I was once asked to apply for a job at a Christian school and, after meeting with the headmaster, felt it best to turn the offer down for multiple reasons. One reason in particular was that I felt my theological perspectives might be called into question at some point, given the current milieau I knew existed at this school. While I felt it in my best interest to say no, I also felt it right to engage the theological issues head on by outlining them in a letter that invited discussion and interaction. I post a portion of that letter here in the same vein.
To me, theology begins with the question: Who is this God? This particular God, for there were many from which to choose among the cultures and religions of the biblical writers. As a community trying to make sense of the experiences they were having in relation to this particular God (YHWH), what they felt to be true was perhaps the starting point for their search. The early biblical writers felt, for example, that this God was a God who did not need violence to create life (as did the gods of the surrounding cultures—Tiamat and Marduk, in particular, whose violent shredding of each other’s bodies gave birth to the sky and earth; their blood mankind, etc.). For the early Hebraic community (a community in bondage to many different cultures throughout their early formation—the Assyrians, Babylonians, Egyptians, etc.), their God was unique in how he acted and reacted to his people. A god who sang creation into existence is a radically new and different god than those who embodied the myths of the dominant cultures that held the Israelites in captivity. A god who calls a people to him for the purpose of relationship and sides over and over again with the poor, the victimized, the marginalized and the oppressed, is unheard of in Ba’al or Osiris. I believe the biblical texts came forth as a series of responses to the community of Israel’s question: just who is this God? That is why, to me, the Genesis creation account is much more powerful in its original form (poetic myth) than as a scientific treatise on how the world came into being. The story is much richer as a comparative contrast between the God of Israel and the gods of the surrounding (often dominant) cultures. It is almost as if the writers of Genesis are saying, “Our God does not act out of violent rage or petty jealousy. Instead, His spirit breathes across the waters of chaos and brings life” (quite opposite to the myths of the surrounding religions, whose gods initiated chaos that led, all-too-often, to death). We miss the beauty of the story when we ask of it the wrong questions (how/when rather than who/why). What is transformational for us in the Genesis account is not the number of days, but the comparative analysis of how this God acts in and through creation. He is, from the very beginning, turning chaos (the surface of the deep) into life! The “aha” moment comes when we see this God do what no other gods have done before: work in the broken places to make all things new!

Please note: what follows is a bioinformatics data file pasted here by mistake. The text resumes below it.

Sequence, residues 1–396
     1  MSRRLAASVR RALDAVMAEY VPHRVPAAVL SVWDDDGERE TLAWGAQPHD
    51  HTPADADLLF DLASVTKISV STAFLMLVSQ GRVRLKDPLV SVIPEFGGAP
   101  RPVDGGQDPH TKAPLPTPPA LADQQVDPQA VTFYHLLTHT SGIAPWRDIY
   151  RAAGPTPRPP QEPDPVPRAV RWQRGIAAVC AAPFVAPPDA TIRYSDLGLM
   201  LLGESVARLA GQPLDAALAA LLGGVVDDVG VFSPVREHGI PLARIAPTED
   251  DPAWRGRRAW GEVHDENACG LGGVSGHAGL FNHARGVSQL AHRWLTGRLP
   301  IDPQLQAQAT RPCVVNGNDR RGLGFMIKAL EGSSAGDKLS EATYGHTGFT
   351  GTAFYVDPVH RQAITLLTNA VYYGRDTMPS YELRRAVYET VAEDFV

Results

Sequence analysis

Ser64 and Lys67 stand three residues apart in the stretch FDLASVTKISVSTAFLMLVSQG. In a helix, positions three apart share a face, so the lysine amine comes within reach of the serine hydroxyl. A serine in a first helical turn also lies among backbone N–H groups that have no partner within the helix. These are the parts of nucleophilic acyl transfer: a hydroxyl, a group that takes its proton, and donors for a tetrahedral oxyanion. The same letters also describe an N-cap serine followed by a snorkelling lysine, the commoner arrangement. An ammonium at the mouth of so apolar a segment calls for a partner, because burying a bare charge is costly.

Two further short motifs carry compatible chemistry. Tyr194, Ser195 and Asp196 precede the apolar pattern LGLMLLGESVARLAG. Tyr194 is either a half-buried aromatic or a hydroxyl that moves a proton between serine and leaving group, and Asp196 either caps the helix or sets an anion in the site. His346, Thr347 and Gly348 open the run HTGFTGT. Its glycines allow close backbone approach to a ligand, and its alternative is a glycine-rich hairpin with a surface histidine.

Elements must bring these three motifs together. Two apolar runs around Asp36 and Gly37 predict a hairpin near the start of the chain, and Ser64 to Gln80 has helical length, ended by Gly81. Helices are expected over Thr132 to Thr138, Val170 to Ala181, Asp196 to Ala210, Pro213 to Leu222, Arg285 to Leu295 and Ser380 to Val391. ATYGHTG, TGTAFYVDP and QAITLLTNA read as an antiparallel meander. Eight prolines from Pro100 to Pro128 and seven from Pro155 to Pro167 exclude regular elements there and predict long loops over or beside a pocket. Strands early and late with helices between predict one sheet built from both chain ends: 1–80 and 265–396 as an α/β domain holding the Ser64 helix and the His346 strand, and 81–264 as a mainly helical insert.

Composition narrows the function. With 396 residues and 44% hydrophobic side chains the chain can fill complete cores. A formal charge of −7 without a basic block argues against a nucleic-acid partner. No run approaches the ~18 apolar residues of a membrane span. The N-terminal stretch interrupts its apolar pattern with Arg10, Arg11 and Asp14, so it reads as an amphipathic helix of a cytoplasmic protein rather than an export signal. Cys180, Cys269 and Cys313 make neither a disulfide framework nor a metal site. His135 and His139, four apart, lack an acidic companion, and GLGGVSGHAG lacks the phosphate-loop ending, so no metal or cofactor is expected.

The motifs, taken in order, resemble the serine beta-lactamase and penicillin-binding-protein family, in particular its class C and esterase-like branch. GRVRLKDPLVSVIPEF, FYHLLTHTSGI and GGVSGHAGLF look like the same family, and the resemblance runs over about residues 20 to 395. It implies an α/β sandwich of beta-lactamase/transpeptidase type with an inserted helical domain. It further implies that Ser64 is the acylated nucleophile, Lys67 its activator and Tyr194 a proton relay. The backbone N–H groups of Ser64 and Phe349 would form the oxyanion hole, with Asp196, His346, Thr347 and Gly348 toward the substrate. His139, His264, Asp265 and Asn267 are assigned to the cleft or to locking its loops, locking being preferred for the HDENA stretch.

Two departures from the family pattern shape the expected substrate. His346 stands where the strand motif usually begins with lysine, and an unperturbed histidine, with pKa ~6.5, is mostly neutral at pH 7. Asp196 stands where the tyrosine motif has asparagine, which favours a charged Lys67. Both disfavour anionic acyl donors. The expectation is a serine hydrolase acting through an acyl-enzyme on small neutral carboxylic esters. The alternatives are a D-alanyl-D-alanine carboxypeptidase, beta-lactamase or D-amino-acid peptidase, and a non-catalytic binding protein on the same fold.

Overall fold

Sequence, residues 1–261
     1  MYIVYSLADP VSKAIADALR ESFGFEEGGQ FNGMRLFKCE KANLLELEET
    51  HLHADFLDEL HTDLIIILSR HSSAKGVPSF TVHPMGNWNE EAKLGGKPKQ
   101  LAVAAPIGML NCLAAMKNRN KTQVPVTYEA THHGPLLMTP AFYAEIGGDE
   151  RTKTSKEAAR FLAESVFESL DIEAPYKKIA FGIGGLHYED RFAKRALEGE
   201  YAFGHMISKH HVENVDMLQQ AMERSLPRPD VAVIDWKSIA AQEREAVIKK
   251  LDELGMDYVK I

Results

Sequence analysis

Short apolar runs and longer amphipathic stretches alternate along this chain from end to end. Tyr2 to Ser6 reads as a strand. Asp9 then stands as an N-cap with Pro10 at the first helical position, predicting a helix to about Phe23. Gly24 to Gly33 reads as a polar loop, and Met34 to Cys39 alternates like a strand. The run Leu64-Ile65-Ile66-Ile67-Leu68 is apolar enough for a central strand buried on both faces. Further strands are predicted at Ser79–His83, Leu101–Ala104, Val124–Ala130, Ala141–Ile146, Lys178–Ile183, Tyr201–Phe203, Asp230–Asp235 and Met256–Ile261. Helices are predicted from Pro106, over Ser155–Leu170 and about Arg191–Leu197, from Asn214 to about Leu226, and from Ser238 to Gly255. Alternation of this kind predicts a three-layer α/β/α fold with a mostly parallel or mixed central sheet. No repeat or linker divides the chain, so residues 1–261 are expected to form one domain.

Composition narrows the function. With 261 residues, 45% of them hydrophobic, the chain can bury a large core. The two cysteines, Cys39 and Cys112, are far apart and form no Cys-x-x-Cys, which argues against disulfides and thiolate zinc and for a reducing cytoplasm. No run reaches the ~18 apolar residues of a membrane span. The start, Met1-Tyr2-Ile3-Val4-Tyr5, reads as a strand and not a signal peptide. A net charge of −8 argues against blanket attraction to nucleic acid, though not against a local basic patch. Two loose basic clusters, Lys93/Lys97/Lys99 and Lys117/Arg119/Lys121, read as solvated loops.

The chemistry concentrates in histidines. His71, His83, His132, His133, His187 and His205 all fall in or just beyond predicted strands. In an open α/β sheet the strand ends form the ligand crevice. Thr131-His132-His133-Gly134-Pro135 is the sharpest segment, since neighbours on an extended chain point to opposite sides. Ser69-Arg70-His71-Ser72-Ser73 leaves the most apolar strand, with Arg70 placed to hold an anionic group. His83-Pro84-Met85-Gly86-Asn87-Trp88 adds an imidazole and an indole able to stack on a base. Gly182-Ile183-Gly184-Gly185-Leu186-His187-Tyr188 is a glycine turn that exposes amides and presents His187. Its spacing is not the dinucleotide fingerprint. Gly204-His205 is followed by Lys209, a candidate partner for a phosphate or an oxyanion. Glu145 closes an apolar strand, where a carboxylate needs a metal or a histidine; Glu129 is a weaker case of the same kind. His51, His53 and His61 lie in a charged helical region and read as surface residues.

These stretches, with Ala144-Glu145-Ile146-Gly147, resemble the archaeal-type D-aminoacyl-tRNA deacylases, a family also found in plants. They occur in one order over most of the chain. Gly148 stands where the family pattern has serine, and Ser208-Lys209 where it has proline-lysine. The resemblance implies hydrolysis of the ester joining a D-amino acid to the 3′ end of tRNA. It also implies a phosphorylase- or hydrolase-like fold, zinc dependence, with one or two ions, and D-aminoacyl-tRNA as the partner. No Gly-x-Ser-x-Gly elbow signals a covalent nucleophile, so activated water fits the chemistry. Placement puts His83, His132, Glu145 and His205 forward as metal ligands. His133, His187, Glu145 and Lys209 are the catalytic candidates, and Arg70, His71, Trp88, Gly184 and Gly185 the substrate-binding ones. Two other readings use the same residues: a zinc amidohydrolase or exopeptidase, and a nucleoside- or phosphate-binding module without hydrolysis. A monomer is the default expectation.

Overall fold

I believe the bible shouts these core messages: “Return to me and I will be your God and you will be my people”; “He has showed you, O man, what is good. And what does YHWH require of you? To act justly and to love mercy and to walk humbly with your God”; “Behold, I am making all things new!” This I believe more than anything else. I believe these concepts, fully fleshed out, are more important than the debates we engage in about women preachers, worship songs, pre/post/a-millennial eschatology, creation vs. evolution, and all the rest. I am convinced God does not care one whit upon which side we land in these debates while children die of starvation in the streets, widows get cheated, orphans drink polluted water, the prisoners are not visited, the naked are not clothed, and the fatherless are not cared for. In fact, I think the voice of the scorched prophet rings as loud today as it did under the reign of Jeroboam: “Away with the noise of your songs; I will not listen to the music of your harps. I will not accept your burnt offerings” while the oppressed are continually held in bondage (all too often by the communities claiming to be most religious, by the way).